Eli Gabriel Nathan

May 4, 2009 at 3:53 pm

The Writing on the Wall

I have to confess that these children’s TV show makes me want to pull my hair out. Having been a mom for nine years now I have seen many a children’s programming come and go. Most of them have some oddities to them that bug me in strange little ways. I have suffered through bananas in pajamas that are coming down the stairs. Swiper has caused nightmares for one of my children, even though we don’t watch the show and he has outgrown it. Still he has the occasional Swiper night sweats. I, like most parents, cannot stand the freaking singing purple dinosaur. Although I do find his tune for cleaning up often helpful.

Some are more tolerable than others. I find Imagination Movers kind of clever at times, and the least painful of the obligatory lesson set to music. I enjoy the imagination and relative calmness of Little Bill. And as of late, although not of the educational variety, I find Phineas and Ferb amusing and clever.

But there are two that are truly getting on my last nerve. The first being Yo Gabba Gabba. This is the strangest mix of disproportionate characters and horrible attempts at life lessons set to music. For those of you who don’t know, the host of Yo Gabba Gabba is this tall string bean of an african american male clad head to toe entirely in a bright rust colored unitard complete with white racing stripes. He wears goofy black glasses and his lovely ensemble is topped with a sherbet colored fuzzy hat with a starburst on it. This “DJ” then releases these five characters from his boombox into their respective puppet stages and they come to life. They then have these strange life experiences on sharing or road safety set to weird music. Things like a whole song based on “don’t go in the street it’s dangerous” or “keep your hand to yourself”. There is no way to accurately describe the grating effect these non-musical songs have on me.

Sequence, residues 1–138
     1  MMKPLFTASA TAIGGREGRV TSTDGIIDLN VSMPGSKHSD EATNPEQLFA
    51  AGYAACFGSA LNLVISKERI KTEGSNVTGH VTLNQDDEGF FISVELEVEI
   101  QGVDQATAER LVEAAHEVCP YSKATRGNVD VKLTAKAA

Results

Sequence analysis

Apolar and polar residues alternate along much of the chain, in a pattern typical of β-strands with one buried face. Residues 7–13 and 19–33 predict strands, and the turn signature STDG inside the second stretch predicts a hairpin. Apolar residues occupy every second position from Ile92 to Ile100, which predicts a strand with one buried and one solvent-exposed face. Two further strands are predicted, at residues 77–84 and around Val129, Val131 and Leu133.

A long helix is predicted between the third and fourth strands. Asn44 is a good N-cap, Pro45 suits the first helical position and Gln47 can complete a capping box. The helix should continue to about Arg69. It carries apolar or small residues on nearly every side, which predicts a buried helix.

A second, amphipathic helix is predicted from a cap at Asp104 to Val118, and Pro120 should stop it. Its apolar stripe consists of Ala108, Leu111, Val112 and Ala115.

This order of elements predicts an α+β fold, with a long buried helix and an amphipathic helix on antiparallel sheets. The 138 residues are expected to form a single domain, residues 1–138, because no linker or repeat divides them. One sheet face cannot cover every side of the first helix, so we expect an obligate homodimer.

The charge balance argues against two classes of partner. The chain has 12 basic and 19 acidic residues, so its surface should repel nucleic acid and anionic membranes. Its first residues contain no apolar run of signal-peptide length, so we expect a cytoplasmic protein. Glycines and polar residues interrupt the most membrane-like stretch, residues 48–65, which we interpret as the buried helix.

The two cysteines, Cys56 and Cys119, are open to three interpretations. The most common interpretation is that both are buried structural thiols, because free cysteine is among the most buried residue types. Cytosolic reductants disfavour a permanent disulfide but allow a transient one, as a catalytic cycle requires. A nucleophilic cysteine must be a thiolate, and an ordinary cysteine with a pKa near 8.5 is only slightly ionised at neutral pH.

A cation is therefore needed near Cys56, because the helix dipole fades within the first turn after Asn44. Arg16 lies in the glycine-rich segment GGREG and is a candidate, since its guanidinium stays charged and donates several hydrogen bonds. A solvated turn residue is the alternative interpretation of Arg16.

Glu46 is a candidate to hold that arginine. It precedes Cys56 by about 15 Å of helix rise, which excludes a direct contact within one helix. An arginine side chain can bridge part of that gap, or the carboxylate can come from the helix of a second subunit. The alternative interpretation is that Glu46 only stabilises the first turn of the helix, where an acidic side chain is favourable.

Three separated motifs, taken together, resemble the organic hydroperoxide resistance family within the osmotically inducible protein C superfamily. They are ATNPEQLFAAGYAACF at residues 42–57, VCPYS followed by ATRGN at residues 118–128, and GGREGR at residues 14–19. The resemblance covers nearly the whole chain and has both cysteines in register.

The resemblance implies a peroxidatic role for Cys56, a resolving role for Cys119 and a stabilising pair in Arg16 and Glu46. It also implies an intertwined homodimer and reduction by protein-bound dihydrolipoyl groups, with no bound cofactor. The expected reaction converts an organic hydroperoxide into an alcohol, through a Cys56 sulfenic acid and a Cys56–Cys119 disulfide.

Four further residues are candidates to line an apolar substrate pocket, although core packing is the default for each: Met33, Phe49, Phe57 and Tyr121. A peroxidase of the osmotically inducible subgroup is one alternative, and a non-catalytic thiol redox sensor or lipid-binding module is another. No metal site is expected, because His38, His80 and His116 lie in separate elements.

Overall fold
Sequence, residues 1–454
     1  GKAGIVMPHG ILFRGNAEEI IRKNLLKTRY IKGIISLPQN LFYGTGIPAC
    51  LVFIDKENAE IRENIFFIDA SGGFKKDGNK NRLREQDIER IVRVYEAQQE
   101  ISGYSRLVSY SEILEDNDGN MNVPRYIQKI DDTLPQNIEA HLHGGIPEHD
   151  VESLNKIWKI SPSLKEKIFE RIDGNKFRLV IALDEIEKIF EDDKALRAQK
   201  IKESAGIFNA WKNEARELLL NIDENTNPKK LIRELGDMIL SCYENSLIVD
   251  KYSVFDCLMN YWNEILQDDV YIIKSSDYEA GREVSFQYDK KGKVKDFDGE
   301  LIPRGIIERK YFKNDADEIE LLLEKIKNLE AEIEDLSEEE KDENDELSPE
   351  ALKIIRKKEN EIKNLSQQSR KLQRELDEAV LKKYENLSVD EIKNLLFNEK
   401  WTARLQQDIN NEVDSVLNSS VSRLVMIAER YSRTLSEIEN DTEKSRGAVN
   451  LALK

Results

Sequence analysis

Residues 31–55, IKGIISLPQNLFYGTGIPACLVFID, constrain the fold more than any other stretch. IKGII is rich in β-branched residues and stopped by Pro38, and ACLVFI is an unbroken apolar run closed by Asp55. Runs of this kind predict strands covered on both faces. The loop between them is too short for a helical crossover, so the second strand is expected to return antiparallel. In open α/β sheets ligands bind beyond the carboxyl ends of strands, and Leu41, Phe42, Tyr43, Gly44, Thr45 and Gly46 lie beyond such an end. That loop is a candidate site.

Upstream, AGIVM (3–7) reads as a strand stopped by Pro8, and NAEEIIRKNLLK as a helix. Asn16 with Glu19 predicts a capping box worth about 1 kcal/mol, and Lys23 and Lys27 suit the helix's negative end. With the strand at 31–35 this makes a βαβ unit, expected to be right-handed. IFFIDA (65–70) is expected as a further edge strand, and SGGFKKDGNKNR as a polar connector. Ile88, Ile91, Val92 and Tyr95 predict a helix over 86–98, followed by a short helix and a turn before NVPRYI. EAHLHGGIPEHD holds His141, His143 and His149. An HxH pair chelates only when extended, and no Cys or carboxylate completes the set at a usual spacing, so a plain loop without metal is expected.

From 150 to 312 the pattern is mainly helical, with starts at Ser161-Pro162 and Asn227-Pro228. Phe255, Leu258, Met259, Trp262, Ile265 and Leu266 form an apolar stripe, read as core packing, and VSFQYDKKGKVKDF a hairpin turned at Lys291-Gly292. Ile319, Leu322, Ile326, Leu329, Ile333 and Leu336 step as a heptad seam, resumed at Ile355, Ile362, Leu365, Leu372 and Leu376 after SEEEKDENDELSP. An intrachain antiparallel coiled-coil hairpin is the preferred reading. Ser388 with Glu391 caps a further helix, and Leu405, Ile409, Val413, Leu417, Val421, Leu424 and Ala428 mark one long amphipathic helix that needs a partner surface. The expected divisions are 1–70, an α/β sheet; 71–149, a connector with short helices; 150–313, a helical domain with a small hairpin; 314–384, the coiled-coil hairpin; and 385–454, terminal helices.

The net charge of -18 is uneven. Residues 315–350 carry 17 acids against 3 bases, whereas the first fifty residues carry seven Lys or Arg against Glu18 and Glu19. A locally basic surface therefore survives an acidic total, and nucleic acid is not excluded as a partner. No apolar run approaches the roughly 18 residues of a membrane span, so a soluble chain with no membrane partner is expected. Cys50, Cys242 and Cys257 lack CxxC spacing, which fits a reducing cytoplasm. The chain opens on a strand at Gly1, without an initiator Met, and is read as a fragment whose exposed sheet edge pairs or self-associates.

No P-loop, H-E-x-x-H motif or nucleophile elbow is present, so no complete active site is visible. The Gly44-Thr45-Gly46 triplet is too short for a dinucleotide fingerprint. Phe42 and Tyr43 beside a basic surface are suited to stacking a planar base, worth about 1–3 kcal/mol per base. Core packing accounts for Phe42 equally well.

Last month Jack Black made a guest appearance on this show, complete with his own personal unitard and puff ball hat. I was telling John about it, and he had no idea the atrociousness that is this program. So I TIVO’d it. Unfortunately for me, the TV had been on and switched over to the show while I was getting the laundry from downstairs. I come upstairs to see not only a mesmerized Nathan but a bounding Eli in his Jumparoo. I was stunned. And have been punished with their songs ever since.

This is pet peeve number two as of right now. This is Pinky Dinky Doo. The premise of which I think should have been reconsidered by the powers that be. Most of the show is a pleasant enough venture into imaginative made up stories and does a great job of teaching basic literary foundation. They learn what a character is, what a theme is, stuff like that. But the problem comes when Pinky tells her stories to her brother in the ever present cardboard box in the family apartment. They climb in and Pinky proceeds to draw out her story on the box walls. For those of us who choose not to have an empty ginormous cardboard washer or dryer box in our living room, it leaves our children with one main other option with which to emanate Pinky’s creative nature. We are left with lovely doodles on things like our linen closet door depicting spiky headed comic characters with giant x’s through their face. Get it, X-men’s Wolverine. Ah, lovely decor. Thanks Pinky!

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